My back’s killing by now but Kiara is loving it so I buck away more because the other parents are (all dads with their sons) and it seems like the right thing to do.

Secretly I’m dying to climb on Kiara’s back and see how she feels trying to buck me off. But since I weight three times as much as her and would squash the living daylights out of her I  restrain myself.

Next Kiara is given a small ball which she grasps under her body then I roll her around the room trying to get it off her. I enjoy the challenge and eventually get the hang of it, swiping the ball off her. She looks annoyed but can’t fuss because we’re in the class. Phew.

Then I get a turn and am impressed by the way she manages to roll me around the room and make me drop the ball. She maybe a light weight but she’s tough and it’s great to be in this padded room where we can wrestle without hurting ourselves.

To wind down we practice balancing by sitting, kneeling and standing on a giant ball which is fun although Kiara gets way more turns than me. I’m annoyed she’s hogging the ball and even more annoyed by my own childish thoughts.

Finally we play dodge ball with the parents against the kids. Chucking balls at Kiara, and even at the other children who’ve never done anything to annoy me in their whole life, is wonderfully therapeutic.

I’m in a bad mood a lot of the time recently but jiu jitsu classes might a good place for me to vent my anger as long as no innocent children are hurt in the process.

The reality is Kiara and I both get in bad moods and feel angry sometimes which is something I’ve been trying to stamp out. But maybe guess getting angry is perfectly normal and nothing to be ashamed of. Just as long as we recognise our anger and don’t take it out on each other.

When the class ends Kiara turns to me and asks:

“Can we go again, Mummy? Can we go every Saturday?”

It’s the type of question that irritates, annoys and eventually angers me but it doesn’t bother me now and she doesn’t ask again. Maybe we both know better now.

I put my hand on my lower back, stretch it gently and hobble towards the door.

“Maybe darling. Maybe.”

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Jiu Jitsu Exercise Review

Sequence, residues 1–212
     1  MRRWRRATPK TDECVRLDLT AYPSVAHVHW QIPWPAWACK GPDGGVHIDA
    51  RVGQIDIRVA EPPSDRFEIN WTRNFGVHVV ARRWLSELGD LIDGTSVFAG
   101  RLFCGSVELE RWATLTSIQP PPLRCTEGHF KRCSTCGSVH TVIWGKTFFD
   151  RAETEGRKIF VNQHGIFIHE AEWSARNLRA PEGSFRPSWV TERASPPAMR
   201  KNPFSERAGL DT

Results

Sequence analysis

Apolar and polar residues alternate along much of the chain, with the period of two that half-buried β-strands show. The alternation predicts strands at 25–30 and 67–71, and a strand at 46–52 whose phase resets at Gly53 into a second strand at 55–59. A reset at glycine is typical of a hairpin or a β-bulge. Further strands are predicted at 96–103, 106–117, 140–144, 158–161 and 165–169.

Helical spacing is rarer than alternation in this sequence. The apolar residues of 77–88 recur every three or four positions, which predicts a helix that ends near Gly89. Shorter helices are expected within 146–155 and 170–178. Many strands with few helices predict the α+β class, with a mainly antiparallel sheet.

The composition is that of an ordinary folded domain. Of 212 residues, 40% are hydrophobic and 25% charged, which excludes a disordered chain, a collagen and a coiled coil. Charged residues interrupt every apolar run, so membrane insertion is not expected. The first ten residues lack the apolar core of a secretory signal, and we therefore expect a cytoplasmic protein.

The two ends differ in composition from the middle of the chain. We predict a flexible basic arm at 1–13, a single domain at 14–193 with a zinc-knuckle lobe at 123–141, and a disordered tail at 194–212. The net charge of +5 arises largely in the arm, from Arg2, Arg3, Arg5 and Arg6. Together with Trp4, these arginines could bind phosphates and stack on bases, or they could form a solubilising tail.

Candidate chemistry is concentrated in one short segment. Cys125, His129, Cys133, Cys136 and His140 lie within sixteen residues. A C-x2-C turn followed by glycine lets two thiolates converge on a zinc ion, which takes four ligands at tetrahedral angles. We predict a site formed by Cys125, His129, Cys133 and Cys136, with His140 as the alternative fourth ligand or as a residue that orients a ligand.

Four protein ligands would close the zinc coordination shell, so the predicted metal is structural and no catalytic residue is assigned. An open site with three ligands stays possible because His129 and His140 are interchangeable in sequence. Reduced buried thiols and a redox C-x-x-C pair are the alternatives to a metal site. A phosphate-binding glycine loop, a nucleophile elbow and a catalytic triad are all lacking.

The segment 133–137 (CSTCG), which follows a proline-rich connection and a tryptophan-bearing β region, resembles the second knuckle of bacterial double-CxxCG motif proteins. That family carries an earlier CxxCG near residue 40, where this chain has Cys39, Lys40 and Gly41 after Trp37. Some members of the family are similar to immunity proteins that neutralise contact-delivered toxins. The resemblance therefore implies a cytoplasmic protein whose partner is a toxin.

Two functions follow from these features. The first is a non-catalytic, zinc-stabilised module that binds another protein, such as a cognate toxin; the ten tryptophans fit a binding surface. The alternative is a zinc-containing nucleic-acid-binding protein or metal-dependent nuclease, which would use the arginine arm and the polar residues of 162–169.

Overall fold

Cost: You can get one free trial lesson like us – Infinity Martial Arts have studios on the Sunshine Coast and around the Brisbane area.

Time Exercising: 45 minutes

Average Heart Rate: I couldn’t wear my heart rate monitor watch because it might have scratched Kiara but we got a good workout.

Fun Factor: 7/10 – I think I’d enjoy it more next time now I know what to expect and that it’s really all about the kids, not the parents.

Fear Factor: 4/10

Post-exercise Glow: 7/10. Pretty good apart from the back ache but that was nothing a few good hip swivels couldn’t fix.

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Photo credit: Jiu jitsu wallpaper

Author: Annabel Candy

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{ 1 comment… read it below or add one }

Seana - Sydney, Kids, Food + Travel May 28, 2013 at 2:15 pm

Ah, my little Ms7 can send me demented… and yes, I know it’s me who’s sending myself demented and that I’m responsible for my own feelings but… I only ever explode following severe harassment.

Anyway, alwya good to do something together and it does sound as if this worked well for both of you. A therapist once told me that real emotions about the present are very quick, very intense and pass on swiftly too. If anger hung around, I was told, it was to do with the past. I found that helpful. Do try to feel things these days, not squash them. Frustration is the present companion.

Keep questing Annabel.